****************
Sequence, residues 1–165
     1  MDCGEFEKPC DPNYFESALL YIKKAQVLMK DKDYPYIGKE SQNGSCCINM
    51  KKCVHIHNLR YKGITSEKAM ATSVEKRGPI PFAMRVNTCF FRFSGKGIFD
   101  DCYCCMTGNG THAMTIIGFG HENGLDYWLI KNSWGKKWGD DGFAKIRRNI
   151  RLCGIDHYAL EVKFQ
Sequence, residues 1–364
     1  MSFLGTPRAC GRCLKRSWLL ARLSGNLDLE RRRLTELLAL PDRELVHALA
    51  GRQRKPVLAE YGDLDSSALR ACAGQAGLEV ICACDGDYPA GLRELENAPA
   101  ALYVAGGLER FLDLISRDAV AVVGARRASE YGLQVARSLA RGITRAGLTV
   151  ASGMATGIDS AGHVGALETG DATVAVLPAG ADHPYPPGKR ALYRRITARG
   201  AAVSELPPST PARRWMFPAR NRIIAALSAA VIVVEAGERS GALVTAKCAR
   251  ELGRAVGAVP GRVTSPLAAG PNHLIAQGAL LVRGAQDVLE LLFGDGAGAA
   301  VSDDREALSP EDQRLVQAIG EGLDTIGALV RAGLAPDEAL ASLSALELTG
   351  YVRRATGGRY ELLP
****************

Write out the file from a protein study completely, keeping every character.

Sequence, residues 1–165
     1  MDCGEFEKPC DPNYFESALL YIKKAQVLMK DKDYPYIGKE SQNGSCCINM
    51  KKCVHIHNLR YKGITSEKAM ATSVEKRGPI PFAMRVNTCF FRFSGKGIFD
   101  DCYCCMTGNG THAMTIIGFG HENGLDYWLI KNSWGKKWGD DGFAKIRRNI
   151  RLCGIDHYAL EVKFQ
Sequence, residues 1–364
     1  MSFLGTPRAC GRCLKRSWLL ARLSGNLDLE RRRLTELLAL PDRELVHALA
    51  GRQRKPVLAE YGDLDSSALR ACAGQAGLEV ICACDGDYPA GLRELENAPA
   101  ALYVAGGLER FLDLISRDAV AVVGARRASE YGLQVARSLA RGITRAGLTV
   151  ASGMATGIDS AGHVGALETG DATVAVLPAG ADHPYPPGKR ALYRRITARG
   201  AAVSELPPST PARRWMFPAR NRIIAALSAA VIVVEAGERS GALVTAKCAR
   251  ELGRAVGAVP GRVTSPLAAG PNHLIAQGAL LVRGAQDVLE LLFGDGAGAA
   301  VSDDREALSP EDQRLVQAIG EGLDTIGALV RAGLAPDEAL ASLSALELTG
   351  YVRRATGGRY ELLP